The Balinese Village

The Balinese Village is referred to by the term desa, which describes both the settlement and its immediate environs as a physical entity, and at the same time refers to a religious community, mad up of local householders and their families, who are responsible for maintaining the ritual purity and spiritual well-being of the village and its surrounding lands. The latter is achieved by observing the local customary laws (desa adat) and by participation in the cycle of religious ceremonies that take place at the village temples. The actual village itself, as a collection of house compounds, is subdivided into neighbourhoods, or wards (banjar), each of which have their own local temple (pura pamasakan). Every banjar has specific ritual duties to fulfill, not only in relation to its own neighbourhood temple, but also to the main village temples. Banjar members also act together in secular matters such as the maintenance of roads and the policing of the neighbourhood.

Pura Desa

Pura Desa are ideally placed in an auspicious location at the centre of the village-a position which is both towards the mountain (kaja) ad to the east (kangin). A sacred banyan tree is usually planted beside the entrance which often grows to enormous proportions, providing a shady centre at the heart of the community. A pavilion (wantilan) for cockfights is also located nearby the sacrificial shedding of blood (caru) plays a crucial role in Balinese rituals and contest are permitted on the occasion of a temple festival, though gambling is strictly prohibited, in theory at least, by the Indonesian government.

Village assemblies to discuss both ritual and secular matters are held every month, either at the pura desa itself or else at the village assembly hall (bale agung) nearby. One of the principal responsibilities of the village assembly is the organization of the anniversary celebrations (odalan) for each of the village temples. The latter fall every 210 days, according to the sacred wuku calendar, and are intended to ritually cleanse the village territory and purify the members of the temple congregation. Everyone in the villages is involved in the preparation of offerings and the organization of various entertainments such as gamelan recitals and shadow puppet performances which are held for the enjoyment of the gods and mortals alike.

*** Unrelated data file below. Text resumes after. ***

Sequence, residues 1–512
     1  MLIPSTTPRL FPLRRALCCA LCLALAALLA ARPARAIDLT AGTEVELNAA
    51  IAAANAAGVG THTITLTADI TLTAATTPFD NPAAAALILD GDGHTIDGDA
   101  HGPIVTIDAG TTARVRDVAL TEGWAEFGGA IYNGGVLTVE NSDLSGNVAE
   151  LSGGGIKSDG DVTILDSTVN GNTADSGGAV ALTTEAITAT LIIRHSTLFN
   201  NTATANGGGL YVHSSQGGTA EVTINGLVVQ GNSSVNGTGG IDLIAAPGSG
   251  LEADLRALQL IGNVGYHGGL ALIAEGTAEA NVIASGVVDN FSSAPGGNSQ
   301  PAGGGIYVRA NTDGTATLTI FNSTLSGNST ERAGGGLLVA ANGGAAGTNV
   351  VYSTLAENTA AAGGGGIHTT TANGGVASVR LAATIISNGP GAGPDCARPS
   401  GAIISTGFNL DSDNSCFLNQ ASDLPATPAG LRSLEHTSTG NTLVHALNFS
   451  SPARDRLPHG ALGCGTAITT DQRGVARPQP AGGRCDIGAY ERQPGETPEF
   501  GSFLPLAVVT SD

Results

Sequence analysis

Source : Balinese Temples Book

Waste vs Bali clean and green

For several years, waste has been a major problem in Bali and with a lacking waste disposal system in place and a spiraling rise in the population, the streets have never looked worse. Realising that we are all on the cusp of destroying the natural beauty of the island, EcoBali has taken action. Their private waste collection and recycling initiative services private households, villas, hotels and resorts, schools and other companies to keep Bali clean, green, and as beautiful as it should be

"Pollution, land degradation, water contamination, lack of awareness and education on environmental issues, especially on waste management practices and improper disposal of solid waste, continues to be a very serious issue on our island", says Ketut, the director of Eco Bali. Aware of the worsening situation, Eco Bali was founded in 2005 (Jl. Pantai Berawa 34 Canggu, T: 0361 790 7314, 844 6602) to establish a collection service of non-organic waste such as plastic, paper, beverage cartons, glass and metal from the community and recycle the materials in a responsible and effective manner.

The goal of EcoBali is simply to promote a sustainable solution on waste separation at the source as well as increase individual and collective awareness with regard to solid waste management practices, reduce the amount of waste sent to the landfills in Bali and dumping sites thus limiting the environmental consequences as the key step in order to reach the target of a ‘zero waste' climate on the island.